Welcome to another Herb of the Month post!
I love, love, love the herb for this month for a few reasons. It’s so beneficial for families with young children, it grows easily in the backyard, and it’s downright bright and cheerful.
It’s time to meet calendula!
Calendula is an herb commonly found in products that promote healing and soothing of the skin. Since families deal with scrapes and bumps quite often, this is a great herb to have on hand. It has other great uses, too, typically when used for its anti-inflammatory properties.
Though calendula can seem like a more expensive herb to purchase, it readily grows in the backyard and will self-sow, too. That means that though it isn’t a perennial, I see it year after year in my garden from the spent flower heads graciously depositing their seeds for me.
Our small patch of calendula keeps us stocked for the year, and I’m always glad to have a surplus of such a useful herb. Let’s learn more about calendula!
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Calendula is a low-growing annual with long rounded leaves and sturdy stems covered in fine hairs. The plant produces brightly colored yellow and orange flowers typically about 2 inches in diameter. Though the plant is sometimes called a pot marigold, the flowers resemble small daisies in shape. (It should not be confused with the common garden marigold). The plant is resinous, leaving a sticky feeling to the hands after picking flowers. Spent flowers produce curved, slightly spiked seeds that readily drop and self-sow, spreading the growth.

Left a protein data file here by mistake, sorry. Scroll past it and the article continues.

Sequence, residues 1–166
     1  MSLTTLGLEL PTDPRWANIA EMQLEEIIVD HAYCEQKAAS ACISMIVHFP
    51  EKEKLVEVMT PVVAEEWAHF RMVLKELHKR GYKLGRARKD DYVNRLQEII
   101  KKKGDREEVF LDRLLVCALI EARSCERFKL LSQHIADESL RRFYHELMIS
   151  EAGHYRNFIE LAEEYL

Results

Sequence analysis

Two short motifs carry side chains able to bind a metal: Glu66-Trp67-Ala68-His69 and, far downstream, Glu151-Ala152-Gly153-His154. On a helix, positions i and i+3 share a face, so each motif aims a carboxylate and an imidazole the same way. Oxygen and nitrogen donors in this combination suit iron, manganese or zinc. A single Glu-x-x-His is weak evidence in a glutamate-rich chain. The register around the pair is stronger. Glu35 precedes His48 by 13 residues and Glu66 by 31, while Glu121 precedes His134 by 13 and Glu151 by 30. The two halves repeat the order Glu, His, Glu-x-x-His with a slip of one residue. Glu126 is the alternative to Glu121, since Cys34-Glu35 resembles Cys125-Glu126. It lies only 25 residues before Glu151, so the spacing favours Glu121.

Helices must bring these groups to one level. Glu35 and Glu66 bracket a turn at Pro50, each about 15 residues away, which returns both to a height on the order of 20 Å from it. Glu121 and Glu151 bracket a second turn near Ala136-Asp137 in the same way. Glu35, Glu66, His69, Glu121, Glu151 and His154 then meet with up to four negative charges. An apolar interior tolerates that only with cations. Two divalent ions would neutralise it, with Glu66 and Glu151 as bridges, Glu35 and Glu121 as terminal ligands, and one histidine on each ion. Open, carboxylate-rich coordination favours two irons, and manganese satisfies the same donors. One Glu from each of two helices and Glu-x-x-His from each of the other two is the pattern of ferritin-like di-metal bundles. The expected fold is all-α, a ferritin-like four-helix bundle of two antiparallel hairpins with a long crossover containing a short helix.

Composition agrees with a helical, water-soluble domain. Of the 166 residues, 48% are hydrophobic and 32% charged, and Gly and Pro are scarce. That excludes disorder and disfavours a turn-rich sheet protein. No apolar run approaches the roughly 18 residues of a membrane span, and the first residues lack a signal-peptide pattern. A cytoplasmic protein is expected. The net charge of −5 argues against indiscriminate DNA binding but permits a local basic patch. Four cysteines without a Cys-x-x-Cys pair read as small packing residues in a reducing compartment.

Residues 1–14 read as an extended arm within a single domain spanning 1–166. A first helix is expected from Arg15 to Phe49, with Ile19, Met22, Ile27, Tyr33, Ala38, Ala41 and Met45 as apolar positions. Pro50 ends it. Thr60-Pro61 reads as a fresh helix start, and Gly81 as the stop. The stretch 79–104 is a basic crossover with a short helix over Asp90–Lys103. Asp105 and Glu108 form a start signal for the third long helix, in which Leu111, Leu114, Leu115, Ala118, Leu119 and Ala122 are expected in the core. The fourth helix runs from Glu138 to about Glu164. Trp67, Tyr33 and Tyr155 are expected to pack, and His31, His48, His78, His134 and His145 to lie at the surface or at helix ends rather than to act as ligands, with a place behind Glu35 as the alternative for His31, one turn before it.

The petals and whole flower heads are used in herbalism. In cooking, the petals are used apart from the whole flower head.
Actions in the Body
- Calendula is a gentle, yet very effective anti-inflammatory, benefiting both internal and external inflammatory conditions.
- It has potent vulnerary properties, which means that it helps with the healing of skin wounds, especially those that are slow to heal.
- In scientific research, calendula also shows anti-bacterial, anti-viral, and anti-fungal properties.
The herb is used most frequently when first made into an infused oil. The oil is then used in compresses, salves, balms, lotions, and other topical skin preparations. Calendula-infused oil is also beneficial in relieving the inflammation from ear infections.
The petals are sometimes used as a frugal coloring substitute for the very expensive herb saffron. They can be added to soups, stews, salads, baked goods, and any other recipe that might benefit from their bright color and mild flavor.
An infusion may be made from the petals or flower heads. Two teaspoons of petals or flower heads in 8 ounces of boiled water, then steeped for 10 minutes, makes the infusion that can be used topically or consumed.
Though typically a very safe herb with little toxicity concerns, it should be introduced with caution to those with known allergies or sensitivities to the daisy family (Asteraceae).
Have you ever used a product with calendula in it?
Fritchey, Philip. Practical Herbalism. Whitman Publications, Warsaw, Indiana. 2004. (found here).
Hawkins, Jessie. Botanical Medicine in the Home. Vintage Remedies, Franklin, Tennessee. 2013. (found here).
Hoffman, David. Medicinal Herbalism. Healing Arts Press, Rochester, Vermont. 2003. (found here).